Blue Therapy has kept us well and truly entertained the past five weeks (Picture: YouTube)
Over the past five weeks, Blue Therapy has become a ‘guilty pleasure’ that I have absolutely no guilt about.
When I first saw the teaser trailer for the YouTube series, I knew it was a bit of me with the promise of exploring the millennial dating scene, but it actually surpassed my expectations of just how entertaining it would be.
I was already sold on the fact that it would show two Black couples lay bare the issues within their relationships and cover topics that I could potentially relate to – Black love is mostly absent on mainstream TV and so it takes actively searching for things like Blue Therapy online to feel represented.
Clearly, I’m not alone in my thinking as Blue Therapy has been watched over seven million times across five episodes with the finale set to be released this Thursday.
So what’s it all about? Created by Trend Centrl, who also helm the viral online talk series BKChat LDN, Blue Therapy quite simply goes inside the therapy sessions of two couples – Paul and Chioma; and Jamel and Deborah.
There’s a catch, of course, being that the series is scripted like many other reality shows, such as Towie or Made In Chelsea, for that extra entertainment value.
The show’s creator, Andy Amadi, has insisted that while therapist Denise is an actress, the two couples are very much dating in real life. His reassurance still hasn’t convinced many who are adamant that the whole series is fake.
However, for me personally the genuineness of the couples doesn’t matter as much because, not only have they made for engaging viewing, many of the topics presented so far are often true to life.
Blue Therapy offers a look at the cultural aspects of dating that we just don’t see on primetime TV.
For example, Jamel has been hesitant to introduce girlfriend Deborah to his family after a year of dating because he felt her ‘loudness as a Nigerian’ wouldn’t be received so well by his Ghanaian parents.
The deeper meaning of this could only be understood by those of us who are perhaps West African and are familiar with the age-old rivalry between Naijas and Ghanaians that us young ones typically laugh about – but is also sometimes very real for the older generation and extends beyond which country makes Jollof rice better.
Paul and Chioma tackle the cultural issues within their relationship (Picture: YouTube)
Denise is the therapist trying to keep it all together (Picture: YouTube)
Paul and Chioma also have their own cultural issues. Chioma is upset that Paul no longer wants to eat the Nigerian food that she cooks as he’s on a new clean eating diet with few seasoned meals. He’s also completely over her listening to Afrobeats – and Burna Boy in particular – all of this despite him being Nigerian himself.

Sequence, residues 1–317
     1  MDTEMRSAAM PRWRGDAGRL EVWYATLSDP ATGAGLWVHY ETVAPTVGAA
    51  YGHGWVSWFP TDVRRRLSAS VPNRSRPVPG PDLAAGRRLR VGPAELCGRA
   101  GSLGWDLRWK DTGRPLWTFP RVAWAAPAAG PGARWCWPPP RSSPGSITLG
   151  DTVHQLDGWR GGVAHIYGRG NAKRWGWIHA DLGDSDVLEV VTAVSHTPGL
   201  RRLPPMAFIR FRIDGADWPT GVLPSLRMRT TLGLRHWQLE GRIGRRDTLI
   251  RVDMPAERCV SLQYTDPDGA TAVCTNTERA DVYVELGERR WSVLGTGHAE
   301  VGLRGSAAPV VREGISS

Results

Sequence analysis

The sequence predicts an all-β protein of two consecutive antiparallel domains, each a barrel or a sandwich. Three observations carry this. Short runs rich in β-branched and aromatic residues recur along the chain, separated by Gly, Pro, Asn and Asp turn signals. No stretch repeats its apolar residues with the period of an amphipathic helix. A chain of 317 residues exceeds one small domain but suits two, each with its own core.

It’s the little nuances within these exchanges about culture that, again, you don’t see on regular TV but massively appeals to the African diaspora.
I’ve also found it refreshing how Blue Therapy approaches millennial lifestyles and the ways in which this can impact relationships. Jamel spends hours ‘promoting his business’ on the Clubhouse app, seemingly more time than he’s giving to Deborah who desperately wants the latest Gucci bucket hat and to be wined and dined at plush restaurants like Novikov and Hakkassan.
Most of us probably know a Deborah and Jamel (Picture: YouTube)
A quick glimpse at a millennial Instagram feed and you’ll soon see exactly how relevant these topics are.
However, there may be more to Jamel’s distractions after a bombshell revelation in episode five suggests he may have cheated with his ex.
Even if we are not personally a Deborah or Jamel, we undoubtedly know someone who is.
Then there’s Paul – whether you’re an alpha male like him or infuriated with the way he speaks to Denise and Chioma, his mentality is bound to make you react one way or another.
Equally, it’s not all negative. We have seen sweet moments between the couples, more so with Paul and Chioma such as when they were made to stare into each other’s eyes without talking (arguing), as evidence that affection once existed or still does.
That’s the point of Blue Therapy – even if it’s not entirely real or elements are scripted – the topics are so familiar that they easily resonate with those of us who look like the couples sitting on Denise’s couch.
Ultimately, that’s something you don’t get from shows like Love Island UK, which only saw a Black couple in the finale for the first time last year.
But even without all of that, Blue Therapy is quite simply the brilliant entertainment that we all need as we gradually emerge from lockdown and anything else it offers is a bonus.
Blue Therapy is available to watch on YouTube.Credit: Original article published here.